Source: The Detroit News – City retirees speak out on impact of pension cuts
Retired city workers with the American Federation of State, County and Municipal Employees were called to action Saturday to rally to save their pensions.
“There was an agreement that if we paid into a system for 30 years, when you retired, you’d have some money there for you,” said Rose Roots, an officer of an AFSCME subchapter for retirees. “We’re not asking the city for a gift. We have performed our duties and we are looking for the city to stand up for its part of the agreement.”
About 100 union members and retirees joined at the press conference Saturday at the AFSCME Council 25 in Detroit to share their stories and express their concerns.
“We always gave concessions to the city of Detroit,” said Roger Rice, a retiree who spent 38 years as an auto mechanic on the city’s garbage trucks. “Now we need them to give us a concession and not attack our health and retiree benefits.”
Detroit retirees and their pensions are at the center of the city’s municipal bankruptcy case.
There are about 23,500 retirees with vested pension benefits, who are being targeted for cuts during the bankruptcy case, many who do not have union representation.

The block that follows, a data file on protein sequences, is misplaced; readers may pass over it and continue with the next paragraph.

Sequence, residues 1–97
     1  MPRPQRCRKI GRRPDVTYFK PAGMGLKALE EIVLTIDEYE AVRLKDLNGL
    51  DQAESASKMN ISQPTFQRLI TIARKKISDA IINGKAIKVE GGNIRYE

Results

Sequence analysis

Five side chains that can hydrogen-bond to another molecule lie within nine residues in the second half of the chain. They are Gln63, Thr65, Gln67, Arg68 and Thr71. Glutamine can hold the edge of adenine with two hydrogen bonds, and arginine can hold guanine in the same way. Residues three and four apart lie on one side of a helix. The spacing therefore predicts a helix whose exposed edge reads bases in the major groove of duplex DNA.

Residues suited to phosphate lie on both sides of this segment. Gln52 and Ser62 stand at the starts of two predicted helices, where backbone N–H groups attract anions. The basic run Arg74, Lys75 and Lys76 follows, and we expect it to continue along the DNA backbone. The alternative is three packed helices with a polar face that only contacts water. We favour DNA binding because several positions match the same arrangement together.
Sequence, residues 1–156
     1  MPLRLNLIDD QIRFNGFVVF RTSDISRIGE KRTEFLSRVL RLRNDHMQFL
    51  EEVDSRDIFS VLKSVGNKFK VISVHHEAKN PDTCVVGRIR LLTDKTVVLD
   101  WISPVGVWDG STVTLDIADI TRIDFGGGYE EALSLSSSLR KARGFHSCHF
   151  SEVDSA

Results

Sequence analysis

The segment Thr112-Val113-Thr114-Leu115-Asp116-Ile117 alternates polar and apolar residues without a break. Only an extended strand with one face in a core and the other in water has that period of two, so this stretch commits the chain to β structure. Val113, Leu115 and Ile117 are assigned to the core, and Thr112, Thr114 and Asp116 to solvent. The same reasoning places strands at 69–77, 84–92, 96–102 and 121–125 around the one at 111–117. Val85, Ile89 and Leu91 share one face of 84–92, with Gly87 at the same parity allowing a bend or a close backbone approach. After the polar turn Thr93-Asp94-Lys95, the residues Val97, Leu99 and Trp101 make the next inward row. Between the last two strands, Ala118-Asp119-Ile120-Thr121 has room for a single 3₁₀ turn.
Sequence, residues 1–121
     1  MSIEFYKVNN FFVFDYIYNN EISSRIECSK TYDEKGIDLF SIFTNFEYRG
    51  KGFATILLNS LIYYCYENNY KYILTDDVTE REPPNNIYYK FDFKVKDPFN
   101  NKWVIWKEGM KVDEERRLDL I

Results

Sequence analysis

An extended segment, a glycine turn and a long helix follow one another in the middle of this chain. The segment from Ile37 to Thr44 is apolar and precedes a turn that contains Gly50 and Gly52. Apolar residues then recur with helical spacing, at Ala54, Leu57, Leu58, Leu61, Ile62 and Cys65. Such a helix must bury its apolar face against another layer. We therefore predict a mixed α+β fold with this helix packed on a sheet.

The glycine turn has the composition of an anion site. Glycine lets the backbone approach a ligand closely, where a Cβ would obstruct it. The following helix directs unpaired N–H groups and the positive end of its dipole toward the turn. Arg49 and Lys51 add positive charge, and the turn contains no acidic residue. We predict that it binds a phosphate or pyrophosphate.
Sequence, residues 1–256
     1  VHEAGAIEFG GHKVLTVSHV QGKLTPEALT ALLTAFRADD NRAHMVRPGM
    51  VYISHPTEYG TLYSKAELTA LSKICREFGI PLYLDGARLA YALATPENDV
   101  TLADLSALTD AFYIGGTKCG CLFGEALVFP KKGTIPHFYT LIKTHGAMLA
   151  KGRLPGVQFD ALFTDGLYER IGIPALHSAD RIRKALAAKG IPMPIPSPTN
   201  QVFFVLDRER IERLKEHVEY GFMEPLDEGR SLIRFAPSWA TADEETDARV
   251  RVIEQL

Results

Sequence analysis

Two Detroit pension funds already have argued Gov. Rick Snyder was prohibited from authorizing the bankruptcy case because it could lead to cuts in constitutionally protected pension benefits.
“I’ve been laid off, I’ve been cut to part time, but I’ve never argued,” said retiree Donald Smith, who held a number of jobs with the city during his 30 years of work. “We’re not asking you to do us any favors, just give us what we put in.”
AFSCME Council 25 President Al Garrett called on retirees to make their voices heard.
“You can fully expect seeing us in front of the courthouse, seeing us in from the of the governor’s house and the attorney general’s house,” said Garrett. “we expect the state of Michigan to honor its Constitution.”